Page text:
Flannery O’Connor wrote, “You shall know the truth, and the truth shall make you odd.” It was odd for Herod to keep John the Baptist alive after John’s repeated condemnation of Herod’s marriage to his sister-in-law. It was odder still for Herod to keep listening to the wild-haired prophet as he continued to threaten Herod’s legitimacy and undermine his power. The text tells us that Herod was greatly perplexed; and yet he liked to listen to him (v. 20). Herod must have known that the longer he kept John around, the more he risked losing, but he also must have somehow sensed God’s truth in John’s words.
These days we have little patience and quite a bit of hostility toward perspectives that differ from our own. Our confirmation bias tells us that we already know the truth. We listen not to actually hear our conversation partners, but to decide how to best tell them they’re wrong. If this is true for our abstract political conversations, how much truer is it when it comes to our personal lives?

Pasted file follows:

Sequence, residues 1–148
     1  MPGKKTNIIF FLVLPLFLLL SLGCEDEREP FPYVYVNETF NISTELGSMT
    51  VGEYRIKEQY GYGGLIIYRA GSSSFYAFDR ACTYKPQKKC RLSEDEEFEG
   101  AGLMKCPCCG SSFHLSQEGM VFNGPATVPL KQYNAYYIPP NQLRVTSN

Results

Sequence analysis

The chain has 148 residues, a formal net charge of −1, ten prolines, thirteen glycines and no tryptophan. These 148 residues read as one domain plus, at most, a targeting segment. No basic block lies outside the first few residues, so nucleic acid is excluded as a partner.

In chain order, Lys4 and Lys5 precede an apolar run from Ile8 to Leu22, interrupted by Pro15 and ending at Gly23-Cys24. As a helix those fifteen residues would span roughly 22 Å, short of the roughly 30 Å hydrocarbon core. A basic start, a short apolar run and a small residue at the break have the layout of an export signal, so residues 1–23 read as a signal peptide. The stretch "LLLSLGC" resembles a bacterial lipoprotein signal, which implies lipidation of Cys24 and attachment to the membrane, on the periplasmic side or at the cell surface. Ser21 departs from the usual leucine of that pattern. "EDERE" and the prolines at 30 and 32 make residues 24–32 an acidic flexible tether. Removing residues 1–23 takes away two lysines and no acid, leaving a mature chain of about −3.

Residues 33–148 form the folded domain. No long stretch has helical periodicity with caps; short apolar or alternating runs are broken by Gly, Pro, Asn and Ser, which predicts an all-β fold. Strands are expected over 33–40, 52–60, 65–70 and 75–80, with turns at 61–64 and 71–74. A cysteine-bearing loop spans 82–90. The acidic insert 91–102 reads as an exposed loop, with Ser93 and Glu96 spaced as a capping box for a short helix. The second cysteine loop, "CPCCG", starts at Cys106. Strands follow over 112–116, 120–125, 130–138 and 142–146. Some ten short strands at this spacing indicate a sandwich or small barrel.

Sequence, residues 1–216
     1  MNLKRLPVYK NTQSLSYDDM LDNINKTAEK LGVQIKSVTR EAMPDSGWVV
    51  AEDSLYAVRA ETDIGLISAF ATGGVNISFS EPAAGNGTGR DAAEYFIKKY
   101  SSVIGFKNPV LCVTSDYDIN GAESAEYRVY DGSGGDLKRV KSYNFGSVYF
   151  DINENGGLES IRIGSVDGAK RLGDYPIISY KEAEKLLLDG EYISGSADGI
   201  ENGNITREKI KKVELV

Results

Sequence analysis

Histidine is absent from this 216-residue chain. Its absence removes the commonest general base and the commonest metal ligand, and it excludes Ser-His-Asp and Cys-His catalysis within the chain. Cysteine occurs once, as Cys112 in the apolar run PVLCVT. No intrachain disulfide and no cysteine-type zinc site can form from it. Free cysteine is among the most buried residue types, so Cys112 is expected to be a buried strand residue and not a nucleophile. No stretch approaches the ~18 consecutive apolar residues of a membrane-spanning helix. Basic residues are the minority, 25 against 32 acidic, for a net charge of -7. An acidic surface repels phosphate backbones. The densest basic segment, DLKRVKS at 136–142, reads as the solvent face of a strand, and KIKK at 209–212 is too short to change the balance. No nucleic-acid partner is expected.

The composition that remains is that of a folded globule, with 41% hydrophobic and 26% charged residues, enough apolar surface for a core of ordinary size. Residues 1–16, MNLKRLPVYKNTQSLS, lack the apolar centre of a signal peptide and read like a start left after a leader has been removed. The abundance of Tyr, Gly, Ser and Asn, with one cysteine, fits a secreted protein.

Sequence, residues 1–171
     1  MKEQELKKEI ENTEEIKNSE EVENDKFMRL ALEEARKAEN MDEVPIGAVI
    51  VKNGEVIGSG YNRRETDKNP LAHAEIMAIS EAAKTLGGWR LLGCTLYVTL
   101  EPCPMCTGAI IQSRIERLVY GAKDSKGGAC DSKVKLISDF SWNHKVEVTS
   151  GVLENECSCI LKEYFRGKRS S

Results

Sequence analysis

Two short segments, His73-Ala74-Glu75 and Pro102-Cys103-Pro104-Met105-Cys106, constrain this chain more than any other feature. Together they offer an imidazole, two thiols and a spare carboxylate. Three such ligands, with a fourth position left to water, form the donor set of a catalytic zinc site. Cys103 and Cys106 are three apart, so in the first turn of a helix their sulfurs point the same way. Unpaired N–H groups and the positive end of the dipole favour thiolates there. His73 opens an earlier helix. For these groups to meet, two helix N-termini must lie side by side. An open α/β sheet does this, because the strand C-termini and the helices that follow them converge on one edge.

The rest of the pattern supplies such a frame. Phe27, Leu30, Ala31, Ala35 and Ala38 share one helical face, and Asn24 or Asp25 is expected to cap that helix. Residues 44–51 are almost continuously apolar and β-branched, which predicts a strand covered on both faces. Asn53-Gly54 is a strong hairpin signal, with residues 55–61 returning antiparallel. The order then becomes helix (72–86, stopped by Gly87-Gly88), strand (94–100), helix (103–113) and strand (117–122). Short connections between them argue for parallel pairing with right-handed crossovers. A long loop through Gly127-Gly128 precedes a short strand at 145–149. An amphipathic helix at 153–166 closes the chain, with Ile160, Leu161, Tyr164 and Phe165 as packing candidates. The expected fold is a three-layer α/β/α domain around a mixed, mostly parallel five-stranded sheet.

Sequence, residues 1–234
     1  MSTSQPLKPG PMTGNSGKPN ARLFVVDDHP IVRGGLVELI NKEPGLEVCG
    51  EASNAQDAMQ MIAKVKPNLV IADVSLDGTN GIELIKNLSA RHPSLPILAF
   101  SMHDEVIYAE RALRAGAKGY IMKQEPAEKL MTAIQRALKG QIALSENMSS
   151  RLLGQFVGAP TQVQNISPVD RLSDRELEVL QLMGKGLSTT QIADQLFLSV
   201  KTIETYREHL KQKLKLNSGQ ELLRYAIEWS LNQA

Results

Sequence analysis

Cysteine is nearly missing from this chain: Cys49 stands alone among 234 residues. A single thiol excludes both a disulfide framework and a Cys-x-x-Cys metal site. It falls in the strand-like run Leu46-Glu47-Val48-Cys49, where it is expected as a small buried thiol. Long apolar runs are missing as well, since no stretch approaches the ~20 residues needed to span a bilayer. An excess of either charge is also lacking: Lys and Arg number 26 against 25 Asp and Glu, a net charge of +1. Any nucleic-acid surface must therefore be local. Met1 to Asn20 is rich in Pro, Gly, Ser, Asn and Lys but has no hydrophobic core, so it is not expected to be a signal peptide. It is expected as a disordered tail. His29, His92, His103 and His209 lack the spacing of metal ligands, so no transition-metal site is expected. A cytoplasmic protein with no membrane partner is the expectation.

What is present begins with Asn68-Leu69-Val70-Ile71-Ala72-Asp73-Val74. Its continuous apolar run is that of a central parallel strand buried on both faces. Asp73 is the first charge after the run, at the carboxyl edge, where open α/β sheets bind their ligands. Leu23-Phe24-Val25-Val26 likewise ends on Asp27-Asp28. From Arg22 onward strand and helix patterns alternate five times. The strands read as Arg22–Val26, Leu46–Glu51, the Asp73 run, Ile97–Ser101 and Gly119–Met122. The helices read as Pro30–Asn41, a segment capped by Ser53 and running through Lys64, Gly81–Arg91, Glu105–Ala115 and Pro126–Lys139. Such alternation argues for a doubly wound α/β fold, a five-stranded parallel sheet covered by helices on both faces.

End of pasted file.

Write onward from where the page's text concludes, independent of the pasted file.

What would happen if we let the fact that Herod keeps listening to John become our invitation to pay attention to those ideas and people who perplex, challenge, and threaten us? Could there be something of God’s truth within them that we need to hear, even if it costs us something? Believing this is possible might make us odd, but it also might get us a little closer to the truth.
What perplexes you? What can you learn from that?
Spirit of Truth, give me what Brené Brown calls a “soft front and a strong back,” firm in my convictions, but open to the truth others may have to offer. Amen.